That’s not me. That’s my friend Tyler. I don’t think I know how to catch fish anymore.
On the Friday after Thanksgiving I was fishing the Indian River Inlet in Delaware on a clear, cloudless morning under a gorgeous cerulean sky while wearing waders and a t-shirt. The surf up and down the beach was crisp and clean, with lots of white water and a swift current thanks to the moon tide, and in the inlet the water was rushing through. You definitely did not want to fall in here. Everything, to me at least, looked very fishy and promising. However, I’d been seeing a lot of beautiful sunrises and fishy-looking tides of late in the Rockaways, and this particular beautiful morning wasn’t much different: a few shorts here and there and lots of fishy-looking water. Even the boats working the drift were coming up empty this Black Friday. This was basically December. It was a balmy 68 degrees outside. The conclusion I drew from this day: the fish weren’t here yet.
The previous week and a couple weeks after that, the south side beaches of Long Island and Queens were loaded with bait. Maybe it was a matter of bad timing on my part, because I always seemed to show up a few hours late. A day late. Six hours too early. Peanut bunker washed up all over the shore the morning I arrived at one spot in the afternoon. An old-timer at the bar told me about the whales he spotted around noon. There were big bluefish blitzes up and down the beach, he said. Schoolie bass, too, with some keepers thrown in here and there. I managed to hook a stingray with a heavy needlefish in the unusual heavy darkness of dusk. Now that I think about it, I think that’s the last damn thing I’ve caught in the last six weeks.
A few days later a friend who works in the Rockaways spent his afternoon chasing a blitz up and down the beach from Tilden to Jacob Riis and back to Breezy Point. I showed up the next morning at dawn to a cold, snappy wind with just enough light to see the birds awake and pick at the abandoned bait leftover from the previous night. As the day turned from pink to bright sunshine I could see hundreds of birds working about 500 yards from the beach. Heading east. Heading west. Heading anywhere but within casting distance. A guy came up behind me and asked if that—the mass of birds, bait, and pursuing fish—had come towards shore. I shook my head. “Oh man, you should have been here yesterday!” he said. “Fish not 20 feet in front of me. Man my arms were tired!” I rolled my eyes. For what reason do people feel they have to tell the same story about yesterday, last night, last week.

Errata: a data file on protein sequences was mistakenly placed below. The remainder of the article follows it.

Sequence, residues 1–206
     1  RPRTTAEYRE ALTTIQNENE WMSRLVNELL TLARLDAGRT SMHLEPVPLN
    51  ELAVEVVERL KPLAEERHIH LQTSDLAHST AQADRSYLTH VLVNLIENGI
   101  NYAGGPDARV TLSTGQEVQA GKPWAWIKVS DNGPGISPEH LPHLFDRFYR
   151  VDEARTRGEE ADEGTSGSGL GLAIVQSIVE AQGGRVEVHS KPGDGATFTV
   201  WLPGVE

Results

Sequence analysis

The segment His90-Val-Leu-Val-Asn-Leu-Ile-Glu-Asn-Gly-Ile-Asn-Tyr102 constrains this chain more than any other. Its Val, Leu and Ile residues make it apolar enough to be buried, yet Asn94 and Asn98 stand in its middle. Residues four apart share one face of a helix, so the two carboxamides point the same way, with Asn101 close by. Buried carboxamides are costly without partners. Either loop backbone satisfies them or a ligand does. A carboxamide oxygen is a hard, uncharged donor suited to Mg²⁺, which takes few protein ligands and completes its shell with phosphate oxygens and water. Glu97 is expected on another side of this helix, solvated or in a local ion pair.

The good news is, despite my poor timing in these outings, is that even now close to mid-December, it’s not over yet. The water temperatures off the Rockaways are still in the mid-to-low 50s, and there are reports of lots of herring moving through to follow the peanuts and adult bunker that have passed through already. Oh, and the air temperature is supposed to be in the low 60s this weekend. It’s December for god’s sake! I hate to think about what’s on the other side of this coin—I’m guessing a prolonged and extremely bitter winter lasting somewhere into June—but I’m pretty sure I’ll be fishing until at least the day after Christmas. I had to sell a bunch of gear a month or so ago due to some financial crisis, but I’m pretty confident they went to a couple good homes, and I still have enough to keep going through the end of the year. Plus, now that I can see a dim light at the end of this financial difficulty, I’m picking up a new piece of equipment this weekend which I’ll hopefully have time to use before the year is out.
This (the weather conditions, bait in the water) isn’t going to last too much longer, so I’m also preparing my winter reading list, which I’ll get to in another post this week hopefully, as well as updating the state of our conservation efforts we’ve worked on this year. Speaking of which, I never posted this response I got back from Jamie Pollack, my contact over at Pew Charitable Trusts. A few months back, I wrote about the hearings on Unmanaged Forage Species and how it’s important for us to jump on pushing for research and potential conservation of fish like bay anchovies, spearing, and sand eels, among others, before they end up in the grinder like menhaden. This is her response, and it seems we made a good start so far.
Thanks so much for your help and support on the Council’s Unmanaged Forage amendment. Our efforts during the Scoping period were incredibly successful, and the voices in favor of the action far outnumbered those opposed.
Last week the Mid-Atlantic Fishery Management Council met with in Philadelphia, PA for their fall meeting. On their agenda was discussion of next steps for the Unmanaged Forage Amendment. Because of your support, the Council overwhelmingly voted to initiate an Amendment that protects currently unmanaged forage species from new and expanding fisheries.
This isn’t the last we’ll hear of this action. The Council’s staff will now draft an amendment including a broader list of protected forage species as a result of your comments, and there will be future votes and hearings before we cross the finish line. There will be challenges and some may seek to delay or sidetrack this important initiative, so our work only becomes more important from here. However the Unmanaged Forage amendment wouldn’t have gotten this far without your support, and most importantly your voice.
You can find a copy of the Unmanaged Forage presentation describing the Scoping hearing process and comments received here.
Thanks, and we’ll keep you posted on next steps.
More to come this week and next. Get out there and fish while the season is open and the weather is good. Get outside. Maybe head south if you can.